American Airline layoffs not expected to affect service in Fort Myers, Miami

In this June 29, 2011, photo, American Airlines aircraft sit at Terminal D gates at Dallas-Fort Worth International Airport, in Grapevine, Texas. American Airlines and American Eagle's parent companies are filing for Chapter 11 bankruptcy protection Tuesday, Nov. 29, 2011. (AP Photo/Tony Gutierrez)

In this June 29, 2011, photo, American Airlines aircraft sit at Terminal D gates at Dallas-Fort Worth International Airport, in Grapevine, Texas. American Airlines and American Eagle's parent companies are filing for Chapter 11 bankruptcy protection Tuesday, Nov. 29, 2011. (AP Photo/Tony Gutierrez)

— American Airlines layoffs won’t affect flights or other service at Fort Myers and Miami airports, officials say.

The Fort Worth, Texas-based airline this week sent layoff warning notices to more than 11,000 employees but it shouldn’t affect American flights at Southwest Florida International Airport, said Barbara-Anne Urrutia, an airport spokeswoman.

Southwest Florida International has two daily American flights to and from Chicago O’Hare International Airport and two to and from Dallas-Fort Worth. In season, from December through March, that increases to four flights to and from Chicago and three arrivals and departures daily for Dallas, Urrutia said.

At Miami International, more than 1,300 of American’s 8,000 employees there were notified they could be replaced, said Greg Chin, an airport spokesman.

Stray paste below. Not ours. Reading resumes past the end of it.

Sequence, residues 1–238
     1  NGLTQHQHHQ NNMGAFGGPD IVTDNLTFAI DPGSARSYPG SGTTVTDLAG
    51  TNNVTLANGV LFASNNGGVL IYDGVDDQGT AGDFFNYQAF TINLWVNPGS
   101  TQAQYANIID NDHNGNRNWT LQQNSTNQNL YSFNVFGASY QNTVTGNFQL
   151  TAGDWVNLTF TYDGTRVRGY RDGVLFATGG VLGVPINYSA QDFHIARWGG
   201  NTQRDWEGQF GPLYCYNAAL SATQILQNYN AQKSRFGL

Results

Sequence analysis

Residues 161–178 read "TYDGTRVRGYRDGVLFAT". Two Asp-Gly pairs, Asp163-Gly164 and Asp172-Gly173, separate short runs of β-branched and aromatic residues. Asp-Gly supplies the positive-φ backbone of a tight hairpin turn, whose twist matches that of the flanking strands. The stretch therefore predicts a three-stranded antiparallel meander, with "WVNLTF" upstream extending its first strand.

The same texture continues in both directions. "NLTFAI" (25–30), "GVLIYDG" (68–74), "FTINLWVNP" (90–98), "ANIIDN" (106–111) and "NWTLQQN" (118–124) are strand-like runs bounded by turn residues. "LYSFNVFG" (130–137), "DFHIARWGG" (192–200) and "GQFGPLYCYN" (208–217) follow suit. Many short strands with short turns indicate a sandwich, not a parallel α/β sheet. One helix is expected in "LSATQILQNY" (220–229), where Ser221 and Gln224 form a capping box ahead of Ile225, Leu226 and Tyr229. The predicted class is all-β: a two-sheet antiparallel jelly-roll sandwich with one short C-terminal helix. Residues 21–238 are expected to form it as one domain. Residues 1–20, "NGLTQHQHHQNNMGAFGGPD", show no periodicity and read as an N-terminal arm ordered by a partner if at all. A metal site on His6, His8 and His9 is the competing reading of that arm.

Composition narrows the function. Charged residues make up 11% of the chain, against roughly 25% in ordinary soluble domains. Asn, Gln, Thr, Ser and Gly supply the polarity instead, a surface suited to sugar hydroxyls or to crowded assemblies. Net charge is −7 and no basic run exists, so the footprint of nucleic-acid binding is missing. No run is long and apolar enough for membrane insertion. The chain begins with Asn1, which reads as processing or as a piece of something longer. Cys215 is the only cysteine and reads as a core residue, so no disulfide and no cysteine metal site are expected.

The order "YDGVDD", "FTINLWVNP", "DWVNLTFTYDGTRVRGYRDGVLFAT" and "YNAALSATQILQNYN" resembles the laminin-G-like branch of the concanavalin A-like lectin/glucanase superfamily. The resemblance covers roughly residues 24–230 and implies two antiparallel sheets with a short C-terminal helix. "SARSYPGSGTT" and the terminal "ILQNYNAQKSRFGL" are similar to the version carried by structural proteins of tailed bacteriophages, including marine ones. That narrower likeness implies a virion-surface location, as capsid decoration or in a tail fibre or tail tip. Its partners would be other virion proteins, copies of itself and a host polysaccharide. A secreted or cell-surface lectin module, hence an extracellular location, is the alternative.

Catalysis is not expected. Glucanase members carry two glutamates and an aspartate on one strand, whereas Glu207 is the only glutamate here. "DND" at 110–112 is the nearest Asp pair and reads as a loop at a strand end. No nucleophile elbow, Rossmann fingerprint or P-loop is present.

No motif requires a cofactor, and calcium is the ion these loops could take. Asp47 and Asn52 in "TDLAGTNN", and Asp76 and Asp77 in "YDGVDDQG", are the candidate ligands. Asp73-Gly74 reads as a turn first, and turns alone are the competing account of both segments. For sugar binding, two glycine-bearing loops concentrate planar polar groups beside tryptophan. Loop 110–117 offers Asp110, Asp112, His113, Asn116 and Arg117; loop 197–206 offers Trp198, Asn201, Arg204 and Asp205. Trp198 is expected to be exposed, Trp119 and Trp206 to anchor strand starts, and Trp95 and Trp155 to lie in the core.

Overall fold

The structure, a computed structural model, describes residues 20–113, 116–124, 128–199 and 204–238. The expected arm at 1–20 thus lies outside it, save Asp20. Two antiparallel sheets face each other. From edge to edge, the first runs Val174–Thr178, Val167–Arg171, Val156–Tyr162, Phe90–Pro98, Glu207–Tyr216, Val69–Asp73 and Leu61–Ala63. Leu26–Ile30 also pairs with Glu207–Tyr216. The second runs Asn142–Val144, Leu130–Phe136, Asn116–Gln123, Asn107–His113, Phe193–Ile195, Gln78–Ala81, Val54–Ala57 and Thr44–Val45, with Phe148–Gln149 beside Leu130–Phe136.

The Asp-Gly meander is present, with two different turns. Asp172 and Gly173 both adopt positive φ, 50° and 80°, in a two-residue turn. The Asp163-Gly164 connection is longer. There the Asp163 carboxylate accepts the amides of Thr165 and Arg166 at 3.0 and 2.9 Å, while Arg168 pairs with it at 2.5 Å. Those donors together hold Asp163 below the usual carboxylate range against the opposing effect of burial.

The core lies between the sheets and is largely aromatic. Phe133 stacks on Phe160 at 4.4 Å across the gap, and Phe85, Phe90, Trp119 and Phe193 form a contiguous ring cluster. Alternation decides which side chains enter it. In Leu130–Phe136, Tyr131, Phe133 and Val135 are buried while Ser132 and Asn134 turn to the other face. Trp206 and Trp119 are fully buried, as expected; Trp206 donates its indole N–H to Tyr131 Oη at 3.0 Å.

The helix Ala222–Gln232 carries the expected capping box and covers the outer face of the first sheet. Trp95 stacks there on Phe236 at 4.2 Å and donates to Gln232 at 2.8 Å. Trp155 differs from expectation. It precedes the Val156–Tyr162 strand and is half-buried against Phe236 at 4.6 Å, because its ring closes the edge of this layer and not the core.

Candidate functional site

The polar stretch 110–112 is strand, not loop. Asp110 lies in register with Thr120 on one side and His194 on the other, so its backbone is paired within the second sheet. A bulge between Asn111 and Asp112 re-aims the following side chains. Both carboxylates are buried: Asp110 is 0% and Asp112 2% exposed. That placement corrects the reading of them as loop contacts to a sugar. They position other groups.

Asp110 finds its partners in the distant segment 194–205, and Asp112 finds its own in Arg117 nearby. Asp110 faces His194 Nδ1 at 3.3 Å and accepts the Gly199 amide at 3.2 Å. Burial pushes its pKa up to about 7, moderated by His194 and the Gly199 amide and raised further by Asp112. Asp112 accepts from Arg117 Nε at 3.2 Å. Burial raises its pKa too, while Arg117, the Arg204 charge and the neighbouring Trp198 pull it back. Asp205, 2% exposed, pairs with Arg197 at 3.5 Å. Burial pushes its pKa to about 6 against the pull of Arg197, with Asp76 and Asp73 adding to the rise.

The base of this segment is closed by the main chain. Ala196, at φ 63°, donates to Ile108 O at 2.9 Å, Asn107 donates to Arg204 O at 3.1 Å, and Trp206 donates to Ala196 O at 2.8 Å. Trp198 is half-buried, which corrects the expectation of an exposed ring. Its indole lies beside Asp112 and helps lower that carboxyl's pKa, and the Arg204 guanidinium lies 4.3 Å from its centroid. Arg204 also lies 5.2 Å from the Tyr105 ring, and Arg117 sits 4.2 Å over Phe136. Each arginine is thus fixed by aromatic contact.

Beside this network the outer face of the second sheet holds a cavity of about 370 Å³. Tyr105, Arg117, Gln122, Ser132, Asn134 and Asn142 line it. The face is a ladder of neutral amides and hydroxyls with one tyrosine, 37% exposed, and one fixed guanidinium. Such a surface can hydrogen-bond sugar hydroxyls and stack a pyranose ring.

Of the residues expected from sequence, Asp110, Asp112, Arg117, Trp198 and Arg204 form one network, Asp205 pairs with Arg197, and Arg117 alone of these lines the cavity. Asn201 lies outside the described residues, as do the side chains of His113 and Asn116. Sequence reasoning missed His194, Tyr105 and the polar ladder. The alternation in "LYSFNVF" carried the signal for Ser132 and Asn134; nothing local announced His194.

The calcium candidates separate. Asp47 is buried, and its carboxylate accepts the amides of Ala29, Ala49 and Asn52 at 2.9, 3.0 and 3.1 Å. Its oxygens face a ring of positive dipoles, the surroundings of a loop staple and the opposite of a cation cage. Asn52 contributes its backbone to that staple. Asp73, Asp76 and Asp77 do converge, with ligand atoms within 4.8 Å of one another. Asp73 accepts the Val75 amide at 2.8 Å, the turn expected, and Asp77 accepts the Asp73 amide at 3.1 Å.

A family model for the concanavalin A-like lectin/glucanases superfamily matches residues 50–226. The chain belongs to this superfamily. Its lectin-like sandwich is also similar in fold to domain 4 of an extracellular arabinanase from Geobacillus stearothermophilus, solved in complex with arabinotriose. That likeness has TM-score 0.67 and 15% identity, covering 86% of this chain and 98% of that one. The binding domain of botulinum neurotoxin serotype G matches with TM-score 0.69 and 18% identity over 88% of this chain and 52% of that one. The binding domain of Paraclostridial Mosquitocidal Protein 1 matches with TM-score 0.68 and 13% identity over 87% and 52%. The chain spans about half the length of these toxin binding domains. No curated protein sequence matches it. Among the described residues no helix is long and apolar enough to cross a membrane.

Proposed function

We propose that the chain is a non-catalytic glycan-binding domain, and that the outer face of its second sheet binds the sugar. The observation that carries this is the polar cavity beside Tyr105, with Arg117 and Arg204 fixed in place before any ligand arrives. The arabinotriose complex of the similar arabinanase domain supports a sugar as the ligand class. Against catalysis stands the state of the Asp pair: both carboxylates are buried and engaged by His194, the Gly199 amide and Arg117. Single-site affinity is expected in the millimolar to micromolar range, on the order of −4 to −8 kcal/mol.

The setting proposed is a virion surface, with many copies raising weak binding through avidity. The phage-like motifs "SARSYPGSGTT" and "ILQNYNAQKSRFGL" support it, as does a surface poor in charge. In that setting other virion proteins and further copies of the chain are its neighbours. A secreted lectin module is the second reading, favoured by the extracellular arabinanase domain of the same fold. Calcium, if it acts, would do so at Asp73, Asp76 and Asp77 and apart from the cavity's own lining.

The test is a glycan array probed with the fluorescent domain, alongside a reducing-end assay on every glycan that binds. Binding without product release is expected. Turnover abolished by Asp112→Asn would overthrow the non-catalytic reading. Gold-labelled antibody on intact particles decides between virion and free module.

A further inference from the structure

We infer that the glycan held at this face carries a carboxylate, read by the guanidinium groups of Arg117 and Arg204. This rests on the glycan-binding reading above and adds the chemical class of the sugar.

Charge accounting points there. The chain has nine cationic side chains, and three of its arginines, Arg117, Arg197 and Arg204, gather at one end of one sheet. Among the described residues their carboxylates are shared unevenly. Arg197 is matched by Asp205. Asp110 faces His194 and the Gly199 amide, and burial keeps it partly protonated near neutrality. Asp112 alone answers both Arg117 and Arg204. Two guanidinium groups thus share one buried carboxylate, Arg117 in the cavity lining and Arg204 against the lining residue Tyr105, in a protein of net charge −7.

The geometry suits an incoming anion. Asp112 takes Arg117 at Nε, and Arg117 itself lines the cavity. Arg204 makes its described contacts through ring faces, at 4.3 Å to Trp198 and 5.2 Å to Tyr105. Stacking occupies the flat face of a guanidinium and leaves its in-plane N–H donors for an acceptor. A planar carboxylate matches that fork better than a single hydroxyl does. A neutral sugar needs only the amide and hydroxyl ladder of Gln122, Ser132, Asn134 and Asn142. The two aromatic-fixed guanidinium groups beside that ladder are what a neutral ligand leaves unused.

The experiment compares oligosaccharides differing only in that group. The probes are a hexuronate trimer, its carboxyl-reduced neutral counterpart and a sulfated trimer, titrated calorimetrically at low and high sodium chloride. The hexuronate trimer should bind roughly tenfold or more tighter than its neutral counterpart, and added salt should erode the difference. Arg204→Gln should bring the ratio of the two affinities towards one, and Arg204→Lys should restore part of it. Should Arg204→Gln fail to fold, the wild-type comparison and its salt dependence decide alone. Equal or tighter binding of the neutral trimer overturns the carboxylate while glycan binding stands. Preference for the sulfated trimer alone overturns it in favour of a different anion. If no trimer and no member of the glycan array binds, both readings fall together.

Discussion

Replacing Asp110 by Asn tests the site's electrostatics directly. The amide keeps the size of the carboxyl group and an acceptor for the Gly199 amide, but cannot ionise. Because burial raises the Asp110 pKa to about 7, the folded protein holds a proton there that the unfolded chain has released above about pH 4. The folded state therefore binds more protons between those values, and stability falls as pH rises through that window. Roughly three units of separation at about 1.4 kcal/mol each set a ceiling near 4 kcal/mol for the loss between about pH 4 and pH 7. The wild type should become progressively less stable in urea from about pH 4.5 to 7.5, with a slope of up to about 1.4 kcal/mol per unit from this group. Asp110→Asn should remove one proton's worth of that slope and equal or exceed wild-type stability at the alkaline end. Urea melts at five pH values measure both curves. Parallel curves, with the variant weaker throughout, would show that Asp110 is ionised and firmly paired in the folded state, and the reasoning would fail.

Even so, Miami International is one of the most profitable “hub” airports for American and passengers won’t be affected, he said.

Southwest Floridians and others choose Miami International because it has so many flights to Caribbean and Latin American destinations, Chin said.

American has about 600 total flights daily at Miami International, which is more than 70 percent of its 800 flights, he said.

“For the most part, the employees who would be laid off would be replaced or their positions would be outsourced,” Chin said. “The (job) functions would still exist.”

The layoff notices went to mechanics and ground workers whose jobs will be affected as American goes through a bankruptcy restructuring.

American Airlines spokesman Bruce Hicks said this week that fewer than 40 percent of those getting notices will lose their jobs. Hicks said federal law requires the company to notify anyone whose position could change, including those who could get “bumped” by more-senior employees whose jobs are eliminated or outsourced.

American said in February that it planned to cut 14,000 jobs, including 13,000 held by union workers. But if Hicks is right, the final job losses will be about a third of that.

__ The Associated Press contributed to this report.

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